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Students Don’t Want Big Brother Watching: Why Does UGC Want To ‘Invade Our Privacy’?

Posted on September 23, 2015 in Campus Watch

By Bhanvi Satija

The University Grants Commission has graciously allowed the student community to carry “personal communication devices such as mobile phones in order to remain in constant touch with their parents/guardians.” Thank you UGC, what would we have ever done without this grant of permission?

In an attempt to make the campuses of higher educational institutions safe and secure, UGC issued a circular on 16th April 2015, outlining the guidelines Universities under it need to follow. However, a close look at these guidelines tell us that they are exactly the opposite of what they claim to be. For starters, the circular states that all University buildings are expected to be secured by high boundary walls, surmounted by a “fence of spiralling barbed wire”, along with recommending the use of a biometric system for marking student attendance in classes as well as in hostels; and establishing CCTV cameras at entry points to housing units.

Adding to the atmosphere of high surveillance that the guidelines aim to create, the circular also recommends that universities should aim to set up police stations within or near their premises so that they “handle any crisis situation in an instant” and run nightly patrols as a preventive measure. The circular clearly points out the ‘advantage’ of these measures: “to keep an eye on a student’s movement and whereabouts in a failsafe manner.” Moreover, the circular recommends active involvement of parents and regular parent-teacher meetings. And here, we thought that we were out of school already! The circular also outlines the role of a teacher, as both a guardian and a counsellor, which is why, he/she is expected to “convey growth report and feedback on attendance, examination results etc, to their parents.” They are also expected to “coordinate with wardens of hostels and exchange personal details of students’ academic record, and behaviour patterns for prompt pre-emptive or corrective actions.”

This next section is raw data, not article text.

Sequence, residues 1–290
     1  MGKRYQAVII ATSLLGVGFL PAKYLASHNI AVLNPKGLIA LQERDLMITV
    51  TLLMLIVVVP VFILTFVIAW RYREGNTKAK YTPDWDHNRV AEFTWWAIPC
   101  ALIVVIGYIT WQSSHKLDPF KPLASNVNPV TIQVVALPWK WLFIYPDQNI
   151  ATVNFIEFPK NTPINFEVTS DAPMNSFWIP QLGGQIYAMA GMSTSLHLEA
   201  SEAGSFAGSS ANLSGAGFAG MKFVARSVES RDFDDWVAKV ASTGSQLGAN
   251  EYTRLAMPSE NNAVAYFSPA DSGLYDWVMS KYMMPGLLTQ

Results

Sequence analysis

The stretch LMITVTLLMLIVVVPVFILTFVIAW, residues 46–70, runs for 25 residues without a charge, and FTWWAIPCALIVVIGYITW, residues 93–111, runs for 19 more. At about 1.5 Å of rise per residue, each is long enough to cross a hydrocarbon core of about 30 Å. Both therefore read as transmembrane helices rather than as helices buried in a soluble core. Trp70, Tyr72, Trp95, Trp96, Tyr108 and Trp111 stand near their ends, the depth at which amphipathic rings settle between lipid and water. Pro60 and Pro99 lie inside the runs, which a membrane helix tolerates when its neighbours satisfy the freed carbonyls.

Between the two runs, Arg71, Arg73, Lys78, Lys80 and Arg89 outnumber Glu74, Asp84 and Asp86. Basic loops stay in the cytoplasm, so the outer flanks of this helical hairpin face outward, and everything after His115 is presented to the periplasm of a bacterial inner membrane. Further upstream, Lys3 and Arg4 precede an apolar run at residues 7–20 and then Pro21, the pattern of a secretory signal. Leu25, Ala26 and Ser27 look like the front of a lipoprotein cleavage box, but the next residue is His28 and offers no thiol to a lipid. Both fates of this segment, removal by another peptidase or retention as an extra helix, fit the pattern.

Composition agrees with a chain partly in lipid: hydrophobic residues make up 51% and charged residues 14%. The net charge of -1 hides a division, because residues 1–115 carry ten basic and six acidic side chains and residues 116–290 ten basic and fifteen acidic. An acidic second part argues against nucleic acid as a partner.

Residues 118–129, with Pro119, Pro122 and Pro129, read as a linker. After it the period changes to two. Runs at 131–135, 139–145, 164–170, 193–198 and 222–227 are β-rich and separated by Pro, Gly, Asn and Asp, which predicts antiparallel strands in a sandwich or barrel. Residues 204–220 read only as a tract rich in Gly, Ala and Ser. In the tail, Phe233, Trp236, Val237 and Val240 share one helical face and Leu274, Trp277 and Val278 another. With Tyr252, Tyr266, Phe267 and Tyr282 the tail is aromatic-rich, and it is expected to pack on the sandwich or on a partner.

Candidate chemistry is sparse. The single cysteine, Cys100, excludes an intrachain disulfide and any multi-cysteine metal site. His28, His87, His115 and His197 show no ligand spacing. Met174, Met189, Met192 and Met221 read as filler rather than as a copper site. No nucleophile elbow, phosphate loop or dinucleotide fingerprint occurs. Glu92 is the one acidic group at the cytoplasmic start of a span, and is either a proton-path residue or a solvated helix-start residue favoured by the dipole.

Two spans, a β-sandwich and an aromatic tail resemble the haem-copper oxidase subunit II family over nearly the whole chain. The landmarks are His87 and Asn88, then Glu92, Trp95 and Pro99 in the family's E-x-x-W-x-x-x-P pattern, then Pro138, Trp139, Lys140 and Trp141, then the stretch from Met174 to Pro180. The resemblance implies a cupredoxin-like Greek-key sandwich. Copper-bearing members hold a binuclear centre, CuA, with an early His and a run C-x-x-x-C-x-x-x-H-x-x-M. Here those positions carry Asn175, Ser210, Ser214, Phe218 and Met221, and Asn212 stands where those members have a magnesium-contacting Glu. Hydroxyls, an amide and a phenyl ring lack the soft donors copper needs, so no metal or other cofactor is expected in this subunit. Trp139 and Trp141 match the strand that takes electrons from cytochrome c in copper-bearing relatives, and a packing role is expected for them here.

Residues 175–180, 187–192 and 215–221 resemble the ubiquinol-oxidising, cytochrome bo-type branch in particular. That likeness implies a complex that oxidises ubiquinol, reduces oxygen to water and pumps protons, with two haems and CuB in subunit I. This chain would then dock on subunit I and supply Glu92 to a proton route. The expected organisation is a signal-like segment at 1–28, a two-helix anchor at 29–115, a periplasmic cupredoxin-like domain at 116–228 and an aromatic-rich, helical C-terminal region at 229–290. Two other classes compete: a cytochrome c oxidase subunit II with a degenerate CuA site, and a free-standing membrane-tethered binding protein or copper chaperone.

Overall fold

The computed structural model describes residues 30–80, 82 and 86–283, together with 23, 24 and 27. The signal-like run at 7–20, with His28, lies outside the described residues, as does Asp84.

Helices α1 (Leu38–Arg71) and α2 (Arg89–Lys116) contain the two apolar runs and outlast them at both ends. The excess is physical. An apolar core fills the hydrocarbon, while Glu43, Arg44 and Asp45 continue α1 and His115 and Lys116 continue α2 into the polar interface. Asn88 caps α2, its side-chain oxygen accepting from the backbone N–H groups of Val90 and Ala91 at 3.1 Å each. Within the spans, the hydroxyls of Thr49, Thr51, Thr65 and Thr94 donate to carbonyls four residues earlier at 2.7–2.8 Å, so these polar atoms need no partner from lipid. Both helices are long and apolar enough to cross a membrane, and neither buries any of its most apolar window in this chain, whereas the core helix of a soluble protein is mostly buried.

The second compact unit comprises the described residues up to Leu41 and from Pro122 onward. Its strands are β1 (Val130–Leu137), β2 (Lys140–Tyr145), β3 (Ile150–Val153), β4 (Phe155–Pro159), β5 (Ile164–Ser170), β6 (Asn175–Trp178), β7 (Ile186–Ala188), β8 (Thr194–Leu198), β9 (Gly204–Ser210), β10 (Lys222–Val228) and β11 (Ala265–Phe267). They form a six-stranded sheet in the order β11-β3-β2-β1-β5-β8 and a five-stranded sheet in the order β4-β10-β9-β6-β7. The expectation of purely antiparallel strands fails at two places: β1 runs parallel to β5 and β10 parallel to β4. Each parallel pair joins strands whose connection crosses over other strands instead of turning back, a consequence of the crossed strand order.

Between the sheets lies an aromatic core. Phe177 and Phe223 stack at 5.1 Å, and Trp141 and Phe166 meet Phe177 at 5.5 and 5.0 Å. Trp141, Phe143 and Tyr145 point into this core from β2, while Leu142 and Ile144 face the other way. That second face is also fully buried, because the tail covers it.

These guidelines are a straightforward invasion into a student’s life, infringing on our individual liberties and putting under threat our basic right to privacy, which is implicit in Article 21 of the Indian Constitution under the Right to Life and Liberty (R. Rajagopal vs State of Tamil Nadu, 1994). At various points, the guidelines also take away several choices from the student community – mandating the wearing of Identity Cards on campus, being escorted by the police if a student gets late at night, etc. Moreover, it is important to note that these guidelines are in direct contrast to what the Saksham Report of 2013 recommended.

The 7th Recommendation of the Saksham Report, which deals with University Services and Infrastructure states that: “Counselling services must be professional and provided on a full-time basis. The provision of sufficient lighting in and around campuses, reliable public transport, toilet facilities and health (including sexual health) are necessary requirements for women’s security and freedom from harassment. Hostel accommodation must be enhanced for women students. A requisite number of female security personnel are required and all security staff must be gender sensitized.” Another of the reports’ recommendation was also to tackle the “the problem of protectionism”. It clearly states that “campus safety policies should not result in securitization, such as over monitoring or policing or curtailing the freedom of movement, especially for women.” However, the current UGC guidelines, which are supposed to be in line with the Saksham Report seem to be on another track altogether.

These guidelines, issued in April, have not been implemented across most universities amid objections. At the University of Hyderabad, where these guidelines were implemented, the student community is actively resisting and protesting against them. The kind of misuse and exploitation of power which can take place once these exorbitant set of guidelines are implemented is clear from the example of the University of Hyderabad. It’s high time that UGC realises that the amount of control it is aiming to have on the student community is going to backfire (in fact, already is) – and hence, the wise thing would be to take back these guidelines and for once, try and create the space that the Saksham Report envisioned.

The academia and the student community have come together and are urging the University Grants Commission to take back its 16th April 2015 Circular on Safety and Security of Students in Higher Educational Institutions. If you agree and want UGC to take back these guidelines, sign this petition.

Update: In New Delhi students of JNU, DU, Jamia, AUD, teachers, citizens will be protesting at UGC on 24th September at 2 pm demanding the withdrawal of the guidelines.

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